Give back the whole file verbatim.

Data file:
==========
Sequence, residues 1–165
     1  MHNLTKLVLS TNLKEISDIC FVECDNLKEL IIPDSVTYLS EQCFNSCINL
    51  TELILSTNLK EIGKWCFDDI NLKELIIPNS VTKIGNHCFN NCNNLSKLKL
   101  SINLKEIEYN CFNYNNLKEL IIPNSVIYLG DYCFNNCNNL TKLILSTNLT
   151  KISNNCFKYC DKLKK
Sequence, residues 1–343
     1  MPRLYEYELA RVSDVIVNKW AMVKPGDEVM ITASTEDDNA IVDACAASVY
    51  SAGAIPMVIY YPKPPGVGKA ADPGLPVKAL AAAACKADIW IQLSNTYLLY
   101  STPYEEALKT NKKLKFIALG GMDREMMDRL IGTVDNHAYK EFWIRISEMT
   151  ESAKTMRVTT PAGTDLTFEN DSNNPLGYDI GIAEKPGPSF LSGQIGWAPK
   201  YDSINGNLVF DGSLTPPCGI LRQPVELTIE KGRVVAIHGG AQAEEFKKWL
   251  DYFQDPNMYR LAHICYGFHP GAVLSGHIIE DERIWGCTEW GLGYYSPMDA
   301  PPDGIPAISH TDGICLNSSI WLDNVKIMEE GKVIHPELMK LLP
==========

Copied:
Sequence, residues 1–165
     1  MHNLTKLVLS TNLKEISDIC FVECDNLKEL IIPDSVTYLS EQCFNSCINL
    51  TELILSTNLK EIGKWCFDDI NLKELIIPNS VTKIGNHCFN NCNNLSKLKL
   101  SINLKEIEYN CFNYNNLKEL IIPNSVIYLG DYCFNNCNNL TKLILSTNLT
   151  KISNNCFKYC DKLKK
Sequence, residues 1–343
     1  MPRLYEYELA RVSDVIVNKW AMVKPGDEVM ITASTEDDNA IVDACAASVY
    51  SAGAIPMVIY YPKPPGVGKA ADPGLPVKAL AAAACKADIW IQLSNTYLLY
   101  STPYEEALKT NKKLKFIALG GMDREMMDRL IGTVDNHAYK EFWIRISEMT
   151  ESAKTMRVTT PAGTDLTFEN DSNNPLGYDI GIAEKPGPSF LSGQIGWAPK
   201  YDSINGNLVF DGSLTPPCGI LRQPVELTIE KGRVVAIHGG AQAEEFKKWL
   251  DYFQDPNMYR LAHICYGFHP GAVLSGHIIE DERIWGCTEW GLGYYSPMDA
   301  PPDGIPAISH TDGICLNSSI WLDNVKIMEE GKVIHPELMK LLP